How Twitter Traffic Follows Air Traffic

The Citizen's Guide to the Future
Feb. 21 2012 5:01 PM

How Twitter Traffic Follows Air Traffic

114986305

Photo by Oli Scarff/Getty Images

Twitter has a reputation for linking people through interests rather than geography. But while the little blue bird lets us connect with people all around the world, the networks we form on Twitter look a lot like the airplane trips we’ve been taking for decades.

After analyzing more than 480,000 tweets, researchers at the University of Toronto and Dalhousie University found that most Twitter connections are local.* Those that aren’t local are strongly based on how often planes fly between two places. In fact, according to the report (PDF), the best way to predict long-distance Twitter connections is to look at air traffic between cities.

Advertisement

The first part is hardly shocking. Even if your main interest on Twitter is, say, emerging technologies and their implications for society and policy,  you’ll still probably follow a lot of friends, coworkers, and other locals with shared interests in your community. It’s the second discovery that really challenges the conventional wisdom that Twitter is connecting the world in new ways.

For example, researcher Barry Wellman found that someone in Los Angeles is much more likely to be connected to someone in Toronto than someone in St. Louis is. Similarly, people in New York City are more likely to have ties with people in large cities like Los Angeles, London, São Paulo, and Tokyo, where air traffic between the cities is significantly busier than many other places around the world. So while it’s entirely possible for someone in a small town to reach a global audience, geography still plays a big role in how a tweet moves around the world.

As researchers say in the report, this could be because flights facilitate more face-to-face interactions that turn into Twitter connections, or it could be because the flight patterns themselves reflect how connected people in one city are to people in another. But either way, the study suggests an important point. Rather than building new global networks of people and places, Twitter users tend to follow pre-existing ties around the world.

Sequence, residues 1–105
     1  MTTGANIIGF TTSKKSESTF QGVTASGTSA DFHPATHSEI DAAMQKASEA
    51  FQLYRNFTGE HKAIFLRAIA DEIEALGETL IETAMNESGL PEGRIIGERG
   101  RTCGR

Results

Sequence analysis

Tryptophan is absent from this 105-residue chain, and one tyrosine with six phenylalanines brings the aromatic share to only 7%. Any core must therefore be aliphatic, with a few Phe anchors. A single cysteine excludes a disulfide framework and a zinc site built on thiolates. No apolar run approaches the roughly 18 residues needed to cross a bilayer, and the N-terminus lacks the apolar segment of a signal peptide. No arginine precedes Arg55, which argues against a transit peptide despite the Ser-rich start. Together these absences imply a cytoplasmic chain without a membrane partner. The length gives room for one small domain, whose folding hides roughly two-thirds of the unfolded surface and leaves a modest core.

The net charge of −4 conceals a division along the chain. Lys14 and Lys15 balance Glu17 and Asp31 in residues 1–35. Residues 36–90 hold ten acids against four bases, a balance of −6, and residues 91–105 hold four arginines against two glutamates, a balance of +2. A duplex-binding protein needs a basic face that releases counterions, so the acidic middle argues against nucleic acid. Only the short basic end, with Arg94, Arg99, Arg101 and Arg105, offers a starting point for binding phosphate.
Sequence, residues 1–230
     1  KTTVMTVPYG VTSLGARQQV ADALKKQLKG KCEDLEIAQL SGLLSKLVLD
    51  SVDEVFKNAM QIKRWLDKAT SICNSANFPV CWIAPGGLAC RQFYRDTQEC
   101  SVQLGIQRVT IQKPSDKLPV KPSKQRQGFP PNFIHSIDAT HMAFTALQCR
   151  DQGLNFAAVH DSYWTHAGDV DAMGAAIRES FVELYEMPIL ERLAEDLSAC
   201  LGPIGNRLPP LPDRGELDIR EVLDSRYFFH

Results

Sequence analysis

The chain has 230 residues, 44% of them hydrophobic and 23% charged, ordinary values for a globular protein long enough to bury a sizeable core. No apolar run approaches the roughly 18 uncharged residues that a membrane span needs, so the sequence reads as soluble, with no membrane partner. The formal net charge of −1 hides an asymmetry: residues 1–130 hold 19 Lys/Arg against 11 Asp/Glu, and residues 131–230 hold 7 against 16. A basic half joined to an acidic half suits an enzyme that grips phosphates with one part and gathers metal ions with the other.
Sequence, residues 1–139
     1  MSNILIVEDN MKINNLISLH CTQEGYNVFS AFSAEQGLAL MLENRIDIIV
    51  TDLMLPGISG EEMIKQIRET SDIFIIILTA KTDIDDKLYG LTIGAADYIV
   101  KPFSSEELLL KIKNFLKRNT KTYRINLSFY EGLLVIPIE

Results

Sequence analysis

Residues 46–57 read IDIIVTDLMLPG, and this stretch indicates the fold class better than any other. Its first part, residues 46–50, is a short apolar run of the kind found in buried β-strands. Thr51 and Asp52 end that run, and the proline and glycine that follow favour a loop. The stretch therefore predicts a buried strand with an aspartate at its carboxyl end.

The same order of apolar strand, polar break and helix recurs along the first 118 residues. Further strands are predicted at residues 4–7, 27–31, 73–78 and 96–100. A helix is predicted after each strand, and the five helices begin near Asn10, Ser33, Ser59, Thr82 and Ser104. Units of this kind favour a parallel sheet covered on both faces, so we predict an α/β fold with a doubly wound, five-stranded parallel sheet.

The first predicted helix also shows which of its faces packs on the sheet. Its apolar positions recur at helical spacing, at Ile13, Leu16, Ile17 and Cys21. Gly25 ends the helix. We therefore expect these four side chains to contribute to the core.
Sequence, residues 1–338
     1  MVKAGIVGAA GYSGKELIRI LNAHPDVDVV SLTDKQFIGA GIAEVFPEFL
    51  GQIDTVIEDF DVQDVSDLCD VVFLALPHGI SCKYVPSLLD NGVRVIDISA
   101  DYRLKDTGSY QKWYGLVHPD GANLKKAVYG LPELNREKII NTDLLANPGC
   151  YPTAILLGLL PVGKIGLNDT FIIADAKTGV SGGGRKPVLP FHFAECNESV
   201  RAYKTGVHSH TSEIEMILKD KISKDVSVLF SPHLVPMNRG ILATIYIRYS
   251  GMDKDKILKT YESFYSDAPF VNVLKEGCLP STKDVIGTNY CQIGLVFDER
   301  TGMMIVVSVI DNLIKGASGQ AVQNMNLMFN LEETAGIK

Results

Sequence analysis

Hear more from NPR.

*Correction, Feb. 22, 2011: This sentence originally suggested that all of the project researchers are from the University of Toronto. One is affiliated with Dalhousie University.

Future Tense is a partnership of SlateNew America, and Arizona State University.

TODAY IN SLATE

Politics

The Democrats’ War at Home

How can the president’s party defend itself from the president’s foreign policy blunders?

Congress’ Public Shaming of the Secret Service Was Political Grandstanding at Its Best

Michigan’s Tradition of Football “Toughness” Needs to Go—Starting With Coach Hoke

A Plentiful, Renewable Resource That America Keeps Overlooking

Animal manure.

Windows 8 Was So Bad That Microsoft Will Skip Straight to Windows 10

Politics

Cringing. Ducking. Mumbling.

How GOP candidates react whenever someone brings up reproductive rights or gay marriage.

Building a Better Workplace

You Deserve a Pre-cation

The smartest job perk you’ve never heard of.

Hasbro Is Cracking Down on Scrabble Players Who Turn Its Official Word List Into Popular Apps

Florida State’s New President Is Underqualified and Mistrusted. He Just Might Save the University.

  News & Politics
Jurisprudence
Sept. 30 2014 2:36 PM This Court Erred The Supreme Court has almost always sided with the wealthy, the privileged, and the powerful, a new book argues.
  Business
Moneybox
Sept. 30 2014 7:02 PM At Long Last, eBay Sets PayPal Free
  Life
Lexicon Valley
Sept. 30 2014 1:23 PM What Can Linguistics Tell Us About Writing Better? An Interview with Steven Pinker.
  Double X
The XX Factor
Sept. 30 2014 12:34 PM Parents, Get Your Teenage Daughters the IUD
  Slate Plus
Behind the Scenes
Sept. 30 2014 3:21 PM Meet Jordan Weissmann Five questions with Slate’s senior business and economics correspondent.
  Arts
Brow Beat
Sept. 30 2014 8:54 PM Bette Davis Talks Gender Roles in a Delightful, Animated Interview From 1963
  Technology
Future Tense
Sept. 30 2014 7:00 PM There’s Going to Be a Live-Action Tetris Movie for Some Reason
  Health & Science
Medical Examiner
Sept. 30 2014 6:44 PM Ebola Was Already Here How the United States contains deadly hemorrhagic fevers.
  Sports
Sports Nut
Sept. 28 2014 8:30 PM NFL Players Die Young. Or Maybe They Live Long Lives. Why it’s so hard to pin down the effects of football on players’ lives.